Political History

As everyone is getting ready for the Fourth of July weekend, there will be plenty of politicians touting what the founding fathers sacrificed to create the great country we live in today. But if you hear them comparing today’s challenges during the time of the revolution, you might as well believe George Washington chopped down a cherry tree.

Of course it didn’t take long for certain Republican candidates to try and sound smart about their “knowledge” of American history. Today, Michelle Bachmann was on Good Morning America, where she was asked about her dither on Fox News (where Chris Wallace called her a flake) her response only gave more ammunition to those who are calling her, and I’m putting this in the nicest possible way, slow.

“Well if you look at one of our Founding Fathers, John Quincy Adams, that’s absolutely true. He was a very young boy when he was with his father serving essentially as his father’s secretary. He tirelessly worked throughout his life to make sure that we did in fact one day eradicate slavery…”

Now, ever since the movie Amistad came out I have always liked John Quincy Adams. Yes, he was a powerful voice that worked to free the slaves, but no, he wasn’t a founding father. What got me though is; don’t Republican’s like to give Abraham Lincoln credit for ending slavery? During every Republican National Convention they show a video before their nominee for President comes out to give a speech. This video always starts with a picture of Lincoln with his famous top hat, then the voiceover reminds everyone he was a Republican who wrote the Emancipation Proclamation. I don’t know if Bachmann knows this bit of history or not, but if I were working on her campaign I would worry about her not knowing standard talking points which could lead to more gaffes.

While sometimes it is hard to tell the two apart, the biggest blooper was by Sarah Palin when she described Paul Revere as a traitor. But I don’t consider this as much of a gaffe as it is a lack of common sense.

Usually around this time candidates/politicians like to emphasize the importance of the founding fathers and criticize their opponents because “they’re not doing what the founding fathers would have.” But as we look back in history, let’s remember what it was like during America’s birth.

There was no real army, only a bunch of young men who were considered renegades by the British. In order to beat the most powerful army in the world they had to develop ways that would catch them off guard. New York City was abandoned by General Washington because there was no way to save it from the massive British Army that had invaded. The British were also known to torture captured soldiers, of face punishment if they showed any mercy.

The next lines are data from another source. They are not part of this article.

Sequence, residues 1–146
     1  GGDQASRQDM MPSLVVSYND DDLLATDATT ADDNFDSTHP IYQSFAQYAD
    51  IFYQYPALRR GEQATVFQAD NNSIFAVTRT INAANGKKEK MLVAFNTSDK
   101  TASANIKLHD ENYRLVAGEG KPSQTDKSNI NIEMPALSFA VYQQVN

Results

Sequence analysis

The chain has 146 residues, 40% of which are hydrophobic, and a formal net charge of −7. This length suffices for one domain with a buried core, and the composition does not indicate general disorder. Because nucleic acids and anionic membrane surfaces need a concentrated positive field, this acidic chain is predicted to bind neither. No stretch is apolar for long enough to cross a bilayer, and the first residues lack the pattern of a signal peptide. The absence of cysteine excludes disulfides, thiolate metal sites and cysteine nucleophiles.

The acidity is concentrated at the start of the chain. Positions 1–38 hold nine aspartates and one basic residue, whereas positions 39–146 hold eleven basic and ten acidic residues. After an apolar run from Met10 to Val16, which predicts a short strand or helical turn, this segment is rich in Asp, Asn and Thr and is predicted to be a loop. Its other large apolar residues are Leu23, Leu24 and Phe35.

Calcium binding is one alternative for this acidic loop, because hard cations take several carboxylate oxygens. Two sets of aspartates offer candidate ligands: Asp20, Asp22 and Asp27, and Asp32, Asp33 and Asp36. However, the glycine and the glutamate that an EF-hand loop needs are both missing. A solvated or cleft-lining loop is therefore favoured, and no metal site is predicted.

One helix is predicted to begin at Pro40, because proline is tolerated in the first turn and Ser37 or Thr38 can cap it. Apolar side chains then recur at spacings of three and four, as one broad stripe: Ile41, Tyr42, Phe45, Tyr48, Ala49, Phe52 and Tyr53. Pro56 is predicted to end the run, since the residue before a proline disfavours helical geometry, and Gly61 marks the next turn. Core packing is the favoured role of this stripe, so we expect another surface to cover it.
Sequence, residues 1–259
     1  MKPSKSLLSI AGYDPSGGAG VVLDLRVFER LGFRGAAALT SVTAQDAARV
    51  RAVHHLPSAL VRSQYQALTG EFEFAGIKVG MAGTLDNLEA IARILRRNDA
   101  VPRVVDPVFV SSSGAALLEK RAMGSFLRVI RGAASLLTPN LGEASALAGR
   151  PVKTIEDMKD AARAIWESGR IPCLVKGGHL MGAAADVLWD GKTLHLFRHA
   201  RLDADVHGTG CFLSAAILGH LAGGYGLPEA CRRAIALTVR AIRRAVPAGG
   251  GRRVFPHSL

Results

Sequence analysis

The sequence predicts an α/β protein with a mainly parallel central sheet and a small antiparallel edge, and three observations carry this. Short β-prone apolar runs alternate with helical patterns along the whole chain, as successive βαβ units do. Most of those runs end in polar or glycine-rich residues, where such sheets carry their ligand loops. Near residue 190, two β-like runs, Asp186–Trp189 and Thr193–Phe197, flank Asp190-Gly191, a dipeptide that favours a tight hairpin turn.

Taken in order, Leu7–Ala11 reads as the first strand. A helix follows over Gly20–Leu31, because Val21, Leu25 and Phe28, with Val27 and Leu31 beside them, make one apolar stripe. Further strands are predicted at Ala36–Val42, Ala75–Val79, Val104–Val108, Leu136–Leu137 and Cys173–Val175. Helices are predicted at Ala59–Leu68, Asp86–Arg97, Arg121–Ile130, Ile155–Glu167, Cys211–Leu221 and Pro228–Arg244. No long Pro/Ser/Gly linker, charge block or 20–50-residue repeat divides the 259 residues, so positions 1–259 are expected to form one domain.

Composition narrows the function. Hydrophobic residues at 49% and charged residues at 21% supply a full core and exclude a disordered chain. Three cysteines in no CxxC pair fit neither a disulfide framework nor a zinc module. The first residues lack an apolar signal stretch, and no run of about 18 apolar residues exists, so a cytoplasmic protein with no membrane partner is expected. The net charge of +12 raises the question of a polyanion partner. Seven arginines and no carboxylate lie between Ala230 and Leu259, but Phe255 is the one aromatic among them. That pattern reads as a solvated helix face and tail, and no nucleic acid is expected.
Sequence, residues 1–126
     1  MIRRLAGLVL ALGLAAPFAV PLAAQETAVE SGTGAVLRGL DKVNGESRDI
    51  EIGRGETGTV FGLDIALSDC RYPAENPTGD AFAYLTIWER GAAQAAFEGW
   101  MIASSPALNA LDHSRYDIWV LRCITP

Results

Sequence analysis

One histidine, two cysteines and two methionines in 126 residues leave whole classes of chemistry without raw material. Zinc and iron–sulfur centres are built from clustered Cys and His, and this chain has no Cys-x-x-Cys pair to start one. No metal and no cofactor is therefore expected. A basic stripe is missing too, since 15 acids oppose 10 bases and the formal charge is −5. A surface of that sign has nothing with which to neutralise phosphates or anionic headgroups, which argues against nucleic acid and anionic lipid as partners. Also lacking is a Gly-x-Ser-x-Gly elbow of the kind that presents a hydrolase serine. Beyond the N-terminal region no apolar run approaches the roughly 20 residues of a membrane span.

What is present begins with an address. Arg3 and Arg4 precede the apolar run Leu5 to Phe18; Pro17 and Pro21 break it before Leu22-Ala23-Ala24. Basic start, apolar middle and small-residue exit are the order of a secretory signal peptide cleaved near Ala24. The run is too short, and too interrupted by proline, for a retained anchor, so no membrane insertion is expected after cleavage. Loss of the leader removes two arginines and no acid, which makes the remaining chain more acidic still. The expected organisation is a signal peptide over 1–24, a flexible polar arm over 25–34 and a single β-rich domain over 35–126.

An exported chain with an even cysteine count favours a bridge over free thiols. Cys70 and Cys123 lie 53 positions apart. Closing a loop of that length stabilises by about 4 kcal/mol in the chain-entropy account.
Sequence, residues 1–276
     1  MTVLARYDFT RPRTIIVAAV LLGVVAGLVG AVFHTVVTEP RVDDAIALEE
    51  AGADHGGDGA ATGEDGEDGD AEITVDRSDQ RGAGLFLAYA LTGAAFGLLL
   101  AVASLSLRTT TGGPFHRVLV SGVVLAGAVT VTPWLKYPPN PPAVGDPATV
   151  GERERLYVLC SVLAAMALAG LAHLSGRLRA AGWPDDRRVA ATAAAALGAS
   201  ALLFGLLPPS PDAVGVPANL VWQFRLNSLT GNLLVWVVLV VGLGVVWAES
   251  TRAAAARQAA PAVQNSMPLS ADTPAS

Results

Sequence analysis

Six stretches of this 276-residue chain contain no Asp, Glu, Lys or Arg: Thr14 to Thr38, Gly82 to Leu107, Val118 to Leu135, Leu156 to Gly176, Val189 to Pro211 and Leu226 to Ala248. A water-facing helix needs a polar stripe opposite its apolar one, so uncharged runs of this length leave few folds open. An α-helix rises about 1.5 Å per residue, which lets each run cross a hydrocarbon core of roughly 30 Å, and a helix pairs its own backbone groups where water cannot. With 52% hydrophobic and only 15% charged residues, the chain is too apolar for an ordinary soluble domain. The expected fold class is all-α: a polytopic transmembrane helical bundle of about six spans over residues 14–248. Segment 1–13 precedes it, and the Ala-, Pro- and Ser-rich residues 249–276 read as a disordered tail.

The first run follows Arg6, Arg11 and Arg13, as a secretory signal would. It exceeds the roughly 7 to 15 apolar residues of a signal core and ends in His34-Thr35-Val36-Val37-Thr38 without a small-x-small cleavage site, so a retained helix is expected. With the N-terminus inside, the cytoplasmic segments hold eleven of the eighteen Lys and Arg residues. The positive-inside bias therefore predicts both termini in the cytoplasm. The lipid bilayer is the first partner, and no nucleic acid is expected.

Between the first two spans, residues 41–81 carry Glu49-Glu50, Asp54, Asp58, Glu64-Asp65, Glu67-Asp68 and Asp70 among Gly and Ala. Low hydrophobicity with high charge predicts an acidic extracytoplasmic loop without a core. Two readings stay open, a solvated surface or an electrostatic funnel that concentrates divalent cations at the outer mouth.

David McCullough has described American’s birth as its darkest time. There was so much uncertainty as to the future, but the new countries leaders worked hard to gain support from other nations to make sure the soldiers could be supplied and paid.

But I guess you can’t put all the blame on Bachmann or Palin for getting some of America’s history wrong. Even the famous portrait of the founding fathers signing the Constitution, prominently placed in capitol dome, never took place. And the story of George Washington and the cherry tree was made up by a family friend.

I watched a repeat of 60 Minutes on Sunday where they told the story of children going to sleep hungry because their parents lost their job, eventually the house, and couldn’t afford to give them food. You would never believe this story was taking place in America, and I’m sure it’s not what the founding fathers had in mind while they were risking their lives.

But when politicians rile up their base by inflating arguments, or walking out of rooms in a tantrum and refusing to negotiate, it demeans what the members of the Continental Congress built. Whether they thought the federal or state governments were the primary areas of influence, the point was for all sides to come together and debate what is best for all Americans, not just their constituencies. But if Congress doesn’t raise the debt ceiling, the country’s debt will be enormous and will only burden families further.

So as we all celebrate the holiday, let’s remember how our countries leaders came together to defeat the most powerful army the world has ever seen, and hope today’s leaders can only agree to disagree.

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